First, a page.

Google Beats Oracle In Java Copyright Case

Google has won a major jury verdict with software firm Oracle that will defeat Oracle Corp.’s claim to a $9 billion slice of Google’s Android phone business.

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GoogleGoogle has won a major jury verdict with software firm Oracle that will defeat Oracle Corp.’s claim to a $9 billion slice of Google’s Android phone business.

The jury ruled that Google did not unfairly appropriate parts of the Java programming language. It concluded that the company made fair use of the code under copyright law.

Oracle had claimed that Google had infringed its copyright and had sought nearly $9bn (£6bn) in damages.

Oracle claimed that Google had earned $21 billion in profit from more than 3 billion activations of Android.

Oracle sought damages of $8.8 billion, plus $475 million of lost licensing revenue.

The verdict will provide solace to programmers and software developers who write applications that run across different platforms without a license.

The verdict should also provide reassurance to software companies that their method of creating common, interoperable software doesn’t put them in legal problems.

Oracle said that it would appeal against the decision.

Google’s Android System

Google uses Java in its Android smartphone operating system that powers about 80% of the world’s mobile devices.

“Today’s verdict that Android makes fair use of Java APIs represents a win for the Android ecosystem, for the Java programming community, and for software developers who rely on open and free programming languages to build innovative consumer products,” a Google spokesperson said in an emailed statement.

Google relied on witnesses including former Chief Executive Officer Eric Schmidt, who is now chairman of parent company Alphabet Inc., to tell jurors that it used Java to innovate, than merely copy code.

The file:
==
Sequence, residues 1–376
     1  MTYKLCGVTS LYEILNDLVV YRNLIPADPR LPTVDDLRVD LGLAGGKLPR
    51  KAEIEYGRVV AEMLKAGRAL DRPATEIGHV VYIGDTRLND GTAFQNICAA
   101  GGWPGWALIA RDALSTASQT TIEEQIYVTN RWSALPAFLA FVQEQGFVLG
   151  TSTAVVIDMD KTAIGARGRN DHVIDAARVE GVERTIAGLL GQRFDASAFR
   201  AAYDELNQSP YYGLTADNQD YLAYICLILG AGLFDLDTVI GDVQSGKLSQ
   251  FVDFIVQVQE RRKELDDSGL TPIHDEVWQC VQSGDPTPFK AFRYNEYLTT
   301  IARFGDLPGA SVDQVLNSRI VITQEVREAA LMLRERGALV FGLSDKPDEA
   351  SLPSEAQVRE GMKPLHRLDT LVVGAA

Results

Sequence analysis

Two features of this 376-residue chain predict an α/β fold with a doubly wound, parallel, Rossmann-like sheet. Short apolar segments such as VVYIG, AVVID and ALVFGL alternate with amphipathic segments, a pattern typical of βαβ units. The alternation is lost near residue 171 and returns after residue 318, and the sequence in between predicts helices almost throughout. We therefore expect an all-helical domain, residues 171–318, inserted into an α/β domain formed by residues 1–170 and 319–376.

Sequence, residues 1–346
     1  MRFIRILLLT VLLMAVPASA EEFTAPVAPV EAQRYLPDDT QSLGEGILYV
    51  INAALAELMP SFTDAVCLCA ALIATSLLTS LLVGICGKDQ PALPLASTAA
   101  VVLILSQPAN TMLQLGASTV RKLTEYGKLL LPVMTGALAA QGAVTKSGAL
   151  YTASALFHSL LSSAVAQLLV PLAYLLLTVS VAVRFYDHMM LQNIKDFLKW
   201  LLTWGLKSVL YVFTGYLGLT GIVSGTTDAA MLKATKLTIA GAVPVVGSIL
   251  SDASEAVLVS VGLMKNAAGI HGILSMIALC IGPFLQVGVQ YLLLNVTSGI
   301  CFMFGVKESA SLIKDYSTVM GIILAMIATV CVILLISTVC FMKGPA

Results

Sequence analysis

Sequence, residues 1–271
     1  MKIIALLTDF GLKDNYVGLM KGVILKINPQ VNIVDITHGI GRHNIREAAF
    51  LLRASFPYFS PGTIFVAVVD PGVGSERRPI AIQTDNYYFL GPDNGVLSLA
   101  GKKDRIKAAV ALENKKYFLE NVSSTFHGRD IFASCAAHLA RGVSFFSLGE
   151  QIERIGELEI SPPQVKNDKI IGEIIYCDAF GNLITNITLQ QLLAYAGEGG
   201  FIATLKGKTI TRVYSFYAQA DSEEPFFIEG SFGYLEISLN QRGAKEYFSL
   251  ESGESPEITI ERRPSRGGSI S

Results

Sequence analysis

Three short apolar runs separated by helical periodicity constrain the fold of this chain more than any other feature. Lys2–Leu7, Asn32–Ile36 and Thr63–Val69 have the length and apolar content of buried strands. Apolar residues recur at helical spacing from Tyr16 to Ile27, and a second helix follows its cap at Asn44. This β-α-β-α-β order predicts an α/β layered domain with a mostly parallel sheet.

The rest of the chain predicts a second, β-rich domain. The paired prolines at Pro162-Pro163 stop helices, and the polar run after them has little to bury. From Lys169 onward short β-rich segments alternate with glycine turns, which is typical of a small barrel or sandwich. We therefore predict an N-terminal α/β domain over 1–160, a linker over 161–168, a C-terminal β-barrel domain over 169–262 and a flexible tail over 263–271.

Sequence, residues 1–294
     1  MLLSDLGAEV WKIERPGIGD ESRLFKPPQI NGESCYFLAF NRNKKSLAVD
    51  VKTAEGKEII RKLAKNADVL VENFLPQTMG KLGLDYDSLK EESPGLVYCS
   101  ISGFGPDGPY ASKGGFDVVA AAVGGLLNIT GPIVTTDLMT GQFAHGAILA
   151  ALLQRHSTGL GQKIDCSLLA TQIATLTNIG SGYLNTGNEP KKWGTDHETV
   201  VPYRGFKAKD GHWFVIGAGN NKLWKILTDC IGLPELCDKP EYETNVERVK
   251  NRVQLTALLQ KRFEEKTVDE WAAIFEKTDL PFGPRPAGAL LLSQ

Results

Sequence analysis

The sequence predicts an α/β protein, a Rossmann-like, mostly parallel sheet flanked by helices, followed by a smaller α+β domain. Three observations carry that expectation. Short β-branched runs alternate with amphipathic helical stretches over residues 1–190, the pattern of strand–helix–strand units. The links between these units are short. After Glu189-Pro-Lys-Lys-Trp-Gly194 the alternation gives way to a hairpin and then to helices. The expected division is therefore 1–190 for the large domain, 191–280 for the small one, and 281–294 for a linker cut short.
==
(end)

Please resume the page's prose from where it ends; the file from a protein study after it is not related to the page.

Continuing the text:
The jury in San Francisco agreed that copyright law allowed “fair use” of the Java elements.

Oracle had argued that seeking copyright protection to pieces of code called APIs (application programming interfaces) would threaten innovation.

Google vs Oracle

The legal battle between the two firms began in 2010 and the two firms first faced each other in court in May 2012.

In the first trial in 2012, jurors found Google infringed Oracle’s copyrights. However, the jury couldn’t agree whether it was justified under the fair use legal doctrine. That set the stage for the second trial.

Oracle lawyer Dorian Daley said it would pursue the matter further.

“We strongly believe that Google developed Android by illegally copying core Java technology to rush into the mobile device market,” he said.

“Oracle brought this lawsuit to put a stop to Google’s illegal behaviour. We believe there are numerous grounds for appeal and we plan to bring this case back to the federal circuit on appeal.”

Oracle said it plans to seek review of the verdict by the U.S. Court of Appeals for the Federal Circuit in Washington.